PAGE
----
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N2 - Objectives. The purpose of this study was to review the management of atrial flutter occurring after the Fontan procedure. Background. Atrial flutter occurs frequently after the Fontan procedure and is often hemodynamically poorly tolerated. Methods. The patients' charts were reviewed for relevant information. Results. Between 1984 and 1992, 18 patients had atrial flutter after the Fontan procedure. The underlying heart defect was tricuspid atresia in nine, mitral atresia in six and double inlet left ventricle in three. All but three patients had undergone previous palliative surgery. The time interval from Fontan operation to atrial flutter was 1 flutter configuration. Digoxin and a variety of other antiarrhythmic agents (mean 2.7 drugs/patient) were tried with poor results. Only digoxia, amiodarone, flecainide and propafenone showed some benefit when used alone or in combination. Antitachyrardia pacemakers were implanted in 16 patients (endocardial 14, epicardial 2) and, with drugs, were useful in 8 (50%). Because atrial flutter was resistant to treatment, right atriectomy was performed in three patients (with benefit in two, one death), successful radiofrequency catheter His bundle ablation in one patient and catheter ablation of atrial flutter in three patients (two failed, one partial success). One patient underwent heart transplantation, and two died suddenly. Another died of complications after an elective epicardial pacemaker replacement procedure. Conclusions. Atrial flutter after the Fontan procedure is difficult to control. Aggressive drug and antitachycardia pacemaker therapy help about half of the patients. When these measures fail, other options, such as atriectomy, His bundle ablation or catheter ablation of atrial flutter, need consideration. The risk of sudden death justifies the use of such aggressive treatment methods.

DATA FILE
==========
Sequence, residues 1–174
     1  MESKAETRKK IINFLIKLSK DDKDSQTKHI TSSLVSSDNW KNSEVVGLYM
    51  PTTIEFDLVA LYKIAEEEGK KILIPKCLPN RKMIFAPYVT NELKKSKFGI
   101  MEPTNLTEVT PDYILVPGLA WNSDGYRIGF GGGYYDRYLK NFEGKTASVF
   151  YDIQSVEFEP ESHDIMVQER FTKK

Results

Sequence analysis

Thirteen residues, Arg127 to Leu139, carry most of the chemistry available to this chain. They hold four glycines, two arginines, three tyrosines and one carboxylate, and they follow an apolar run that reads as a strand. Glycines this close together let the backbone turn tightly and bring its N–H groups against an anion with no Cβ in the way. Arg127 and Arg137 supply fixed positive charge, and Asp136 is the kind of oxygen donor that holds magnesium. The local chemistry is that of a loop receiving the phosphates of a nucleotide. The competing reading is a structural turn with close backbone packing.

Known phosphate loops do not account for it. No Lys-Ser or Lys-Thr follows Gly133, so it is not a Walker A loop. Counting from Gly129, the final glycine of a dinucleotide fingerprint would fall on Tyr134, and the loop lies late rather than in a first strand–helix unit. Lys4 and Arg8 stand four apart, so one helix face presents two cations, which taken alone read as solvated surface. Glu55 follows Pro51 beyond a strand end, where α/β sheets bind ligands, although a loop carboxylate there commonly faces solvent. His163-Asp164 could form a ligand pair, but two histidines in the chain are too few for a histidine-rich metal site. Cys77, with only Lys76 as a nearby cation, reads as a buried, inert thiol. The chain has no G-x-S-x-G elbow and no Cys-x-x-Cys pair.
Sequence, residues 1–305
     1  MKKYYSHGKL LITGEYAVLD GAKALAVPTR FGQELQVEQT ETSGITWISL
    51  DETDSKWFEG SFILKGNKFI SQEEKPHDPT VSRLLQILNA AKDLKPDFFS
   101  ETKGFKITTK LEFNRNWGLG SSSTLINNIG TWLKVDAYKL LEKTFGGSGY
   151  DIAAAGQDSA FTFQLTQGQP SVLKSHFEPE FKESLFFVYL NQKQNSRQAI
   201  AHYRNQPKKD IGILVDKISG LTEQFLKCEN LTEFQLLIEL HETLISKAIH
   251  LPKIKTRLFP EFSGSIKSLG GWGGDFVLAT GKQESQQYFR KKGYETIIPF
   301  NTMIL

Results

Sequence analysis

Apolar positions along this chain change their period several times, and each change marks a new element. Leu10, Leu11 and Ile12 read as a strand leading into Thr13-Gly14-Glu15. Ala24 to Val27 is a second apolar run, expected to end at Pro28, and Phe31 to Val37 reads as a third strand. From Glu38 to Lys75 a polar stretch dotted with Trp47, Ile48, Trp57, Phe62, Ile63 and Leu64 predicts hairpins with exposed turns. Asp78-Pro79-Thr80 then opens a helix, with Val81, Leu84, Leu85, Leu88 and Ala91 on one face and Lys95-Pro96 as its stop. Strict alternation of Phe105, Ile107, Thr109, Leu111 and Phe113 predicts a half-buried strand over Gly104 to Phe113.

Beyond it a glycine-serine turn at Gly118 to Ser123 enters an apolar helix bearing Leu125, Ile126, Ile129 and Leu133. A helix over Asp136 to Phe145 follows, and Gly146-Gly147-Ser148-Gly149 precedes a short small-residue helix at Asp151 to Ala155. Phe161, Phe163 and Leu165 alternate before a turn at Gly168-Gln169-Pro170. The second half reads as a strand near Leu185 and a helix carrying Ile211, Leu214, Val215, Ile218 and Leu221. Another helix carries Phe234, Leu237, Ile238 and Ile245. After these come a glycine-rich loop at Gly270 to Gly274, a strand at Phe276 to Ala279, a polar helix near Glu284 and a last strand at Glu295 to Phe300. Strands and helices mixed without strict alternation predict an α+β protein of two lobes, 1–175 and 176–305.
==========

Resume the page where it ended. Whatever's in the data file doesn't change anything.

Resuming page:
AB - Objectives. The purpose of this study was to review the management of atrial flutter occurring after the Fontan procedure. Background. Atrial flutter occurs frequently after the Fontan procedure and is often hemodynamically poorly tolerated. Methods. The patients' charts were reviewed for relevant information. Results. Between 1984 and 1992, 18 patients had atrial flutter after the Fontan procedure. The underlying heart defect was tricuspid atresia in nine, mitral atresia in six and double inlet left ventricle in three. All but three patients had undergone previous palliative surgery. The time interval from Fontan operation to atrial flutter was 1 flutter configuration. Digoxin and a variety of other antiarrhythmic agents (mean 2.7 drugs/patient) were tried with poor results. Only digoxia, amiodarone, flecainide and propafenone showed some benefit when used alone or in combination. Antitachyrardia pacemakers were implanted in 16 patients (endocardial 14, epicardial 2) and, with drugs, were useful in 8 (50%). Because atrial flutter was resistant to treatment, right atriectomy was performed in three patients (with benefit in two, one death), successful radiofrequency catheter His bundle ablation in one patient and catheter ablation of atrial flutter in three patients (two failed, one partial success). One patient underwent heart transplantation, and two died suddenly. Another died of complications after an elective epicardial pacemaker replacement procedure. Conclusions. Atrial flutter after the Fontan procedure is difficult to control. Aggressive drug and antitachycardia pacemaker therapy help about half of the patients. When these measures fail, other options, such as atriectomy, His bundle ablation or catheter ablation of atrial flutter, need consideration. The risk of sudden death justifies the use of such aggressive treatment methods.